Beyond Phnom Penh’s Russian Market, the hippest neighbourhood in Cambodian capital bursts with cafes, bars and boutiques

  • The Toul Tom Poung neighbourhood has risen to become one of the Cambodian capital’s coolest areas
  • Home to Russian Market, the area is now famed for its boutique bars, unique eateries and inspiring entrepreneurs
Topic | Asia travel

Marissa Carruthers



The food night market outside Russian Market in Phnom Penh. Photo: Enric Catala

Ai Bounnareth flashes a smile before disappearing behind the battered counter of his coffee stall. The sound of coffee beans being ground drowns out the cacophony of dealmaking at the surrounding stalls in the Cambodian capital’s Russian Market.

Bounnareth has been serving his now world-famous coffee from his small market stall, Best Iced Coffee, since 1981. Laminated notes of praise that have been left by guests from across the globe, are displayed on his stall. The Cambodian’s charisma, and his top-notch local coffee, have made him one of the neighbourhood’s favourite figures.

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“The market was very different then,” says Bounnareth, recalling a time when Russian Market, known locally as Phsar Toul Tom Poung, was an open-air, chaotic spot far from the tourist attraction it is today. “There was no roof and the place was messy.”

Until recently, Russian Market – the name used by foreigners because it was mainly visited by Russian expats during the 1980s – was the sole reason for tourists to visit the neighbourhood in the south of Phnom Penh, which lacked amenities and activities geared towards tourists.

The Toul Tom Poung neighbourhood would go quiet once the market – which sells souvenirs, clothes, electrical items, trinkets and much else besides – closed for the evening.

 However, the area has undergone a rapid transformation over the past few years and has emerged as Phnom Penh’s hippest neighbourhood. Its quirky collection of restaurants, bars, cafes and boutiques is constantly growing as more businesses try to set up shop. 

Ai Bounnareth has had a cafe stand inside Russian market since 1981. Photo: Enric Catala

“There is a real sense of community here,” says Soklim Srun, whose restaurant Eleven One Kitchen helped plant Toul Tom Poung on the map when it opened on Street 123, in 2014. “Everyone knows one another, and it is a really nice neighbourhood. You do not find that in other areas of Phnom Penh.”

When looking for a place to set up shop in 2014, Soklim settled on a quiet corner close to Russian Market. She was attracted to the more casual vibe of Toul Tom Poung, compared to the popular expat and touristic area of Boeung Keng Kang 1 (BKK1), with its rising rents and increasing condominium construction projects.

Since then, she has watched the area develop thanks to independent businesses run by a mix of locals and expats. “A lot of creative and individual businesses seem to be attracted to Toul Tom Poung and that adds to its character,” says Soklim.

The food night market outside Russian Market. Photo: Enric Catala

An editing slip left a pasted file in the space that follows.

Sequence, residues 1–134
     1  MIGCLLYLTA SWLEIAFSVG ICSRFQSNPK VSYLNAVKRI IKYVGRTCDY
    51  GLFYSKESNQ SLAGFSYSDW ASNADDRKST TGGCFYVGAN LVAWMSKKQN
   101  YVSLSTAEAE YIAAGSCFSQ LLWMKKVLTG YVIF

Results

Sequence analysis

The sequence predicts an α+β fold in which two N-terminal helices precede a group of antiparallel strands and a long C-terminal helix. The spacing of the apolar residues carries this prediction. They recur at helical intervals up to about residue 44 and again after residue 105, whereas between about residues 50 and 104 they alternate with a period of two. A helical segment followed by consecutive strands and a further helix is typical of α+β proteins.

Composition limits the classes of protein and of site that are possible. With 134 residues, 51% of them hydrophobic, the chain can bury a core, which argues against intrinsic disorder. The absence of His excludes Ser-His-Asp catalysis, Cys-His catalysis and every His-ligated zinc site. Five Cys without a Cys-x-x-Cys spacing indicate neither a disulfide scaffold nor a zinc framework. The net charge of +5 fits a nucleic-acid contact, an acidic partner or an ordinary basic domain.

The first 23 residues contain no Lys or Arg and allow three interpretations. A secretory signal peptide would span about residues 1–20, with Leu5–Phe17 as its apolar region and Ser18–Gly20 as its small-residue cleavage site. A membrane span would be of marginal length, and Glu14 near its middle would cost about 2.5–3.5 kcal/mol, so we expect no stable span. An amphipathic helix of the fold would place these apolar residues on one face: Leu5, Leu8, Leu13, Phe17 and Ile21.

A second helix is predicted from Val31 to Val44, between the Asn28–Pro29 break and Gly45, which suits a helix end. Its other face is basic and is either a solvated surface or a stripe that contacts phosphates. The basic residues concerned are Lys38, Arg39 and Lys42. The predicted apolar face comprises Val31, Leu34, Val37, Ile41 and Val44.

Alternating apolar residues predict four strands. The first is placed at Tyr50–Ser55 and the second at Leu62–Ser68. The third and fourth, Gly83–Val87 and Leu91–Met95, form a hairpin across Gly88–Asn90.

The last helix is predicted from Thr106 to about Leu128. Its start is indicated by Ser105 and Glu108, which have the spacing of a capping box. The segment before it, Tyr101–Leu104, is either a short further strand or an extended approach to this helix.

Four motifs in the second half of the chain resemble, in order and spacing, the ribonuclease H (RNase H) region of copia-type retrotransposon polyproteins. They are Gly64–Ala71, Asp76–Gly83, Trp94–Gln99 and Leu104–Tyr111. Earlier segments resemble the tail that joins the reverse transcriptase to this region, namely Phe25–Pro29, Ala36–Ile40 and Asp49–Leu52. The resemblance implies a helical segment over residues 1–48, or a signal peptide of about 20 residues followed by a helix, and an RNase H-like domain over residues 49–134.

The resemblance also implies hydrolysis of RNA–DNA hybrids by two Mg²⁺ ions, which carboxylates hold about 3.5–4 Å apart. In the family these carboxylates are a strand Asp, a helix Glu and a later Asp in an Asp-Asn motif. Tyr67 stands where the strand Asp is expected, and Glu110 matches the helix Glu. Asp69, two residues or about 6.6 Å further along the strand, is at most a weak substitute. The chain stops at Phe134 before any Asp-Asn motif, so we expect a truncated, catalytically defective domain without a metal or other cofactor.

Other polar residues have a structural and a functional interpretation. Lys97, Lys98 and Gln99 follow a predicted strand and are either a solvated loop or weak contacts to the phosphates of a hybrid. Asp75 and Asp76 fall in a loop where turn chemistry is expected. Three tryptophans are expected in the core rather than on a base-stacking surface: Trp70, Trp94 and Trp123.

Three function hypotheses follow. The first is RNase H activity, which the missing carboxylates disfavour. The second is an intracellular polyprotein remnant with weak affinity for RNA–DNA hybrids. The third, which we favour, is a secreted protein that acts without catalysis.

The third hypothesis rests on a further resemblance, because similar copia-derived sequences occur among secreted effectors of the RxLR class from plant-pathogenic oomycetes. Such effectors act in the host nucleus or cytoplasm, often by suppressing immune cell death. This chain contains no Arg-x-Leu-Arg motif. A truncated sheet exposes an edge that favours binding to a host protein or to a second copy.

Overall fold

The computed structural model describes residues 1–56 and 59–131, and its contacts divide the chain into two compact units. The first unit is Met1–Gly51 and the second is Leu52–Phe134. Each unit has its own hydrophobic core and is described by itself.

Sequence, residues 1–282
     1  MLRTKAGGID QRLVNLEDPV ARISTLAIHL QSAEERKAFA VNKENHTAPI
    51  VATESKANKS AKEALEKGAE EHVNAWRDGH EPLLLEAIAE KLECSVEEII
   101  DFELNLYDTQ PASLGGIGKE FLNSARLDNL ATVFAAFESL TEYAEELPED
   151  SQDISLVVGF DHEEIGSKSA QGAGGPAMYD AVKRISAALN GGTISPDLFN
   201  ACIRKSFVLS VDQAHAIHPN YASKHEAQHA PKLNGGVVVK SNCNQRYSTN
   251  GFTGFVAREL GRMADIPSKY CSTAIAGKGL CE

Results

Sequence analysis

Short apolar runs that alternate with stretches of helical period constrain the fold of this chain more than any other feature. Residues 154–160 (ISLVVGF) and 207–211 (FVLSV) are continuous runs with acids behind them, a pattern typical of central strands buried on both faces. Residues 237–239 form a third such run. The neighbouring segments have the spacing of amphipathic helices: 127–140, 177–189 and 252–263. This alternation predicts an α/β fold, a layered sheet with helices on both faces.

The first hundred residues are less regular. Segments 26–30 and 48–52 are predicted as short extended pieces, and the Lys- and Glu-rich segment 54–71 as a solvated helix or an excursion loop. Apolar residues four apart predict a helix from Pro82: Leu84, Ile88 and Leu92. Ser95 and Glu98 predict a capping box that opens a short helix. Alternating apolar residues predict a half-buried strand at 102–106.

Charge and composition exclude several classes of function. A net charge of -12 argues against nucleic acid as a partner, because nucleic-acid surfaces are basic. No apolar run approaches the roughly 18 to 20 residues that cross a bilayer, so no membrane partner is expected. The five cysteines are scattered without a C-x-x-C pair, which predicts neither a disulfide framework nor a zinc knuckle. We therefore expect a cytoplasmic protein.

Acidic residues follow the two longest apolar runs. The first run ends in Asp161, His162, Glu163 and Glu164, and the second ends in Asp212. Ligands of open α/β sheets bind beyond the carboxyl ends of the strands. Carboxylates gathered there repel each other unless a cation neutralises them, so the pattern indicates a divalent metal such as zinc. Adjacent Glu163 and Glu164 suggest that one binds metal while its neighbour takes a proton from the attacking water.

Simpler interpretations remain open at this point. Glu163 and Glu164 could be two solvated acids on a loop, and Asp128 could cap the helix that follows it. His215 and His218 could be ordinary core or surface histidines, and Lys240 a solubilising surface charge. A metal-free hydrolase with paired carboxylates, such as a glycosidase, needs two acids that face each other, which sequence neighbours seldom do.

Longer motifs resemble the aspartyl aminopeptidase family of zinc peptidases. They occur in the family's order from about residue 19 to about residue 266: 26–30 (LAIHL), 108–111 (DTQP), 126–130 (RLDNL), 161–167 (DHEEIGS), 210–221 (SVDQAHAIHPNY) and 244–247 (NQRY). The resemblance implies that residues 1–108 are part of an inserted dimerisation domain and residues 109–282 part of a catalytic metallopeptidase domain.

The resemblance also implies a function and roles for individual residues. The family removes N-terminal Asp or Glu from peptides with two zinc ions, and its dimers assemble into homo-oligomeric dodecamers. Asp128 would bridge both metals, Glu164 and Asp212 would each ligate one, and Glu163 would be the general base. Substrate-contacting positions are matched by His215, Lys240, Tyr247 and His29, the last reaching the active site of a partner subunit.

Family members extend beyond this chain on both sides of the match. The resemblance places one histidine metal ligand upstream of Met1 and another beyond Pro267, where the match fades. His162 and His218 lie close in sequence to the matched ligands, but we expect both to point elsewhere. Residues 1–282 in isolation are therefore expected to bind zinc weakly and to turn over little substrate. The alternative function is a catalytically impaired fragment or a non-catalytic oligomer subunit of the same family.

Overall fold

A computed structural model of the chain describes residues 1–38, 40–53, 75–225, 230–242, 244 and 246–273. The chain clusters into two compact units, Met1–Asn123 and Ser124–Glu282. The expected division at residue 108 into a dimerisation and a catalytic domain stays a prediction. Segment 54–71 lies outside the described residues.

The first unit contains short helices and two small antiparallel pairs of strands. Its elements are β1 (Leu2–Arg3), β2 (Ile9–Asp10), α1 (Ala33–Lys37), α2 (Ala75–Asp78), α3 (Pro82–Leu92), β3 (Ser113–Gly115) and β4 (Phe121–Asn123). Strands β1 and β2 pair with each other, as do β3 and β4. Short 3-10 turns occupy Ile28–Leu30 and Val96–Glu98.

The network of quiet back roads, mostly flanked by typical Cambodian urban houses, complement its charm. It is relatively peaceful compared to other congested areas of Phnom Penh, and walkable in a city renowned for being pedestrian-unfriendly.

“It has a real Brooklyn feel about it,” says Rachel Dodson, who worked as a modelling agent in New York before moving to Phnom Penh in 2013. “It’s got great dive places, an amazing variety of restaurants and some really interesting businesses.”

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Jewellery store Penh Lenh is one example of the boutiques opening in Toul Tom Poung. The brainchild of Dodson and Cambodian co-founder Srey Mao, the social enterprise’s ultimate aim is to empower marginalised women by equipping them with skills and a sustainable means of income.

The result is a range of delicate, ethically sourced jewellery created by a team of seven women in an open workshop above the store.

Inside Russian Market. Photo: Enric Catala

“When we started, this area was up and coming,” says Dodson, whose store recently moved to a new Toul Tom Poung location on Street 456. “It was a great tourist spot with the market, there were more expats living here and a lot of businesses started moving to the area. It was a huge thing to be able to get a good cup of coffee.”

Today, there is no shortage of coffee shops, with independent cafes dotting the area. These range from Tini, a snug cafe, boutique bar and contemporary art space, to Lot 369’s tropical terrace and air-conditioned eatery and bar and Deja Café, which is popular with the young Cambodian crowd.

The vibrant range of restaurants that pepper the neighbourhood make Toul Tom Poung a foodie’s paradise. Independent restaurants serve cuisine from all corners of the globe.

 Street-stall holder Hang Sophear, 38, has watched the neighbourhood she was born in transform. “We get a lot more business now than before, but we worry that soon land prices will rise and rents will go up,” she says.